The Northern Vegetable Gardener
A vegetable garden in MacKenzie, B.C. (2004.)
Vegetable gardening is regaining popularity
More and more people (myself included) are getting excited about the possibilities for back-yard vegetable gardening in short-season climates. North-central B.C. used to be famous for the quality of its farm products; potatoes, cabbages and carrots were grown by the ton and shipped south as well as being sold locally. Now most of our food comes up the highway, after having arrived at the distributors in the Lower Mainland or Edmonton from far-flung parts of both Americas as well as the rest of the world. It’s great to support your local farmers, wherever possible, but even better when you are your local farmer, even on a very small scale, and a fresh organic salad is only a few steps away out your back door.
Growing vegetables is simple – people have been doing it since the beginning of time. In the northern zones 2-5, the climate is the limiting factor, and the possibility of unpredictable first and last frosts can keep gardeners awake at night – or give them nightmares. Success hinges on knowing which varieties to plant, when to plant, and how to protect the crops from the elements and the wildlife.
Gardening for health and hobby
As we become more aware of the poor quality as well as the precarious supply-chain of our food, backyard vegetable gardens are once again becoming a necessity, as well as a hobby. One major difference separating today’s new vegetable gardeners from their predecessors is that many of us didn’t learn to grow our own food from our parents or grandparents while working along side them in the garden. (Or we have only vague and negative memories of forced-labour weeding.) The basic “how-to” and even more important “when” knowledge of the very “hand’s on” practice of vegetable gardening seems to have been lost along the way.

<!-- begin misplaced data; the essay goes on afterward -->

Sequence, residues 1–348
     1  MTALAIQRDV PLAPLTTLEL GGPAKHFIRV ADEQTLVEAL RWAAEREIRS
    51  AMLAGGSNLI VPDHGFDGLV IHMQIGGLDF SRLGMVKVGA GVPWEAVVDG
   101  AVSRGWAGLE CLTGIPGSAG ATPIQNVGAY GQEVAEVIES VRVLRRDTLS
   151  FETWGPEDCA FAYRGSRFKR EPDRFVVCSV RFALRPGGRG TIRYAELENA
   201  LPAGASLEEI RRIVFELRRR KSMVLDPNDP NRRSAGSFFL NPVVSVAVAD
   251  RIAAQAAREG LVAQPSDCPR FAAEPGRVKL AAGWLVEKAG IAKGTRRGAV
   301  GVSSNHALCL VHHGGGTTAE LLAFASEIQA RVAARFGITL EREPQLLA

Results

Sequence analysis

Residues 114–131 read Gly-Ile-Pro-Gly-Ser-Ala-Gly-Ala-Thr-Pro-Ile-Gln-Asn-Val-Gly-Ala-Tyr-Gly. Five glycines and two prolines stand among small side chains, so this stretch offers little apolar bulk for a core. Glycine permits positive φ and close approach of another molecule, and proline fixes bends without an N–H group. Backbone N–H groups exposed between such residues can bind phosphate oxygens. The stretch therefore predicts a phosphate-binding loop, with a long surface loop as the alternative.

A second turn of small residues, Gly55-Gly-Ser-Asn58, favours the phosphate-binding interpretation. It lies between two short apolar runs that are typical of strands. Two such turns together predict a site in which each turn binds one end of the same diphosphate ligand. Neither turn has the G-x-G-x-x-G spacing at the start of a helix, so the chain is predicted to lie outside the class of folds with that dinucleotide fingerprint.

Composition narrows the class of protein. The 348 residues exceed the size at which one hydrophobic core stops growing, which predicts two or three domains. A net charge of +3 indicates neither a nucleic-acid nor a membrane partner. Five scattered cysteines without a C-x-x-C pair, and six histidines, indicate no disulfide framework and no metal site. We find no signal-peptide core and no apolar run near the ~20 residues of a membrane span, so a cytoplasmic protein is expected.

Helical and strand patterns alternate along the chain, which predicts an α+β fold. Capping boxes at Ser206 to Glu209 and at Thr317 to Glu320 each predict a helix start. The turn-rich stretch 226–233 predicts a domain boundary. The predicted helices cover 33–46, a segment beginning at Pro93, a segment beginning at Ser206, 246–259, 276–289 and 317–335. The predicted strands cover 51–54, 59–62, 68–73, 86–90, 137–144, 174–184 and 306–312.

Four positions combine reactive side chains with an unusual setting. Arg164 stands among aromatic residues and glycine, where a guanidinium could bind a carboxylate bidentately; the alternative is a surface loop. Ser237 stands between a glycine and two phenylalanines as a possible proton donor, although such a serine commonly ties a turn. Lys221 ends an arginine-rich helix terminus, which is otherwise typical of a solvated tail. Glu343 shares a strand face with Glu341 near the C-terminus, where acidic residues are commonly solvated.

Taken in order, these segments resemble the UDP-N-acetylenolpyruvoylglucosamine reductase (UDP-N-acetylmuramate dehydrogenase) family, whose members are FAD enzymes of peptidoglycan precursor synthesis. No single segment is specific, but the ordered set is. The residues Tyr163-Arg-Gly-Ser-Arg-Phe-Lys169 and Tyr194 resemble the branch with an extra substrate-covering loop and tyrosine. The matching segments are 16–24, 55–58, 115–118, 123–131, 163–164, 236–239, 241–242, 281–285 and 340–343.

Putzing in the garden is good for the soul as well as the kitchen table, and a huge array of hardy vegetables can be grown in cold climates – it’s not just cabbage and potatoes, and it’s certainly more than zucchini.
Vegetable gardening – even in the north, with a 90 day frost free period in good years – is not complicated, and it doesn’t have to be hard work. This section of the Northern Gardeners website is intended to help both beginning and experienced gardeners succeed in their edible endeavors. You will – in time – find the best of both old and new knowledge gathered here. We are going to work through a gardening year together in real time, as the snow comes off and the beds are readied for spring planting.
And it’s almost spring, so I can’t wait to get gardening instead of just talking about it!
Comments and questions – and photos – welcomed, as always.